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Evaluating sexed semen for dairy heifers

Ralph Bruno Published on 19 January 2012
cows at feed bunk

The sex sorting of semen is a relatively new technology that has been commercially available to U.S. dairy producers since early 2006. The process of sorting semen by gender was developed in the late 1980s and has improved significantly over time.

Today, most sexed semen is sorted so that 85 to 90 percent of the offspring are of the desired gender.

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For dairy, sexed semen technology increases the chance of a heifer calf from about 50 percent with conventional semen to nearly 90 percent when sexed semen is used. Increasing the number of heifer calves born on the dairy allows a producer to rapidly expand the herd from within.

Since heifer calves tend to be smaller than bull calves, their delivery is usually easier. Thus, another benefit is fewer calving problems (dystocia).

Besides the increased cost of sexed semen, decreased conception risk (CR) prevents some producers from adopting this technology. Conception risk declines 12 to 20 percent compared to conventional semen. Because of this undesirable feature, sexed semen has been primarily used and is only recommend for virgin heifers.

Producers must evaluate the economics of using sexed semen based on their herd information. To simplify comparisons, assume all insemination costs except the price of sexed or conventional semen remain the same.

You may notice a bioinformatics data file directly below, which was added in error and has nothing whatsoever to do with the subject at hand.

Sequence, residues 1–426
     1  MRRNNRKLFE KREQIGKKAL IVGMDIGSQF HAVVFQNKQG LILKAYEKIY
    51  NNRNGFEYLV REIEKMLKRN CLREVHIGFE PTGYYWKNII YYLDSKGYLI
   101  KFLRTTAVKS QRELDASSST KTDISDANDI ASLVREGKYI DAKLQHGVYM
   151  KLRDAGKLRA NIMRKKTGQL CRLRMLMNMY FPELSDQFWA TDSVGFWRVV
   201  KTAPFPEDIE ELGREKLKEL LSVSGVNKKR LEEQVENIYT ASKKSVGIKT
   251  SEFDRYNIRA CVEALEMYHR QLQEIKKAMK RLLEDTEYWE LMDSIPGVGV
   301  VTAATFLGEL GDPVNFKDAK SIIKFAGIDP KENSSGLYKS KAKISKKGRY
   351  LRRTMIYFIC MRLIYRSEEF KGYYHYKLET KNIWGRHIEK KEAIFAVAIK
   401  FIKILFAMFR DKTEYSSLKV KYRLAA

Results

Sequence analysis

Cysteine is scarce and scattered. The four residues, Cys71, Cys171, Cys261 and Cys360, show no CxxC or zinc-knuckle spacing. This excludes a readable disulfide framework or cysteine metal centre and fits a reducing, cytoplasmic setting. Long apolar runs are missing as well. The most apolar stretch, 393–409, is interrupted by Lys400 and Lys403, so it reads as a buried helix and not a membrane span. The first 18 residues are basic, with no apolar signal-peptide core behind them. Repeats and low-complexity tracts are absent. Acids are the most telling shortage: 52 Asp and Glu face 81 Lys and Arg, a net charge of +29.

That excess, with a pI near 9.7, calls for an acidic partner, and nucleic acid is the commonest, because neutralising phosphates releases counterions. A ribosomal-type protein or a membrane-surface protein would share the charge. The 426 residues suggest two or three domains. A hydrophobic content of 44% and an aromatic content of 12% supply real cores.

First, determine the current CR and what percent of heifer calves is desired. Once this information is known, the next step is to calculate how low the CR for sexed semen can be without compromising the number of heifers born.

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Typically this information can be obtained from a dairy management software program. For example, on DairyComp 305, the command BREDSUM\CY retrieves the CR for virgin heifers. The command EVENTS FOR LACT=1\3 provides the percentage of heifers born.

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With this information, you can then use Table 1 to estimate how low CR can be without decreasing the number of heifers born if sexed semen technology is adopted.

For example, if the average CR (rows on Table 1) for virgin heifers is 60 percent with 50 percent female offspring (columns on Table 1), every 100 inseminations are expected to yield 30 female offspring.

If sexed semen results in 85 percent female offspring, the lowest CR required to yield 30 females is 35 percent (Table 1).

If you decide to adopt sexed semen for virgin heifers, some tips to maximize the CR include:

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  • Use the appropriate breeding gun for the straw size.
  • Thaw straws according to supplier’s directions, typically in a 95°F water bath for 45 seconds.
  • Provide warm, draft-free semen thawing and handling environments.
  • Warm all semen-handling materials such as guns and sheaths prior to contacting straws.
  • Assign only experienced technicians to breed with this product.
  • Use only on heifers that are over 60 percent of their mature weight by 14 months of age that are in good BCS.
  • Inseminate heifers 8 to 12 hours after observed estrus (AM/PM Rule).
  • Breed based on observed estrus rather than at a timed insemination for best results. PD

This article is part of the TDM fact sheet series (July 2011) and can also be viewed at http://texasdairymatters.org

—Excerpts from Dairy Team – Texas A&M System Vol. 7 – Fall 2011

Ralph Bruno
  • Ralph Bruno

  • Livestock Texas AgriLife Extension Servicer
  • Email Ralph Bruno

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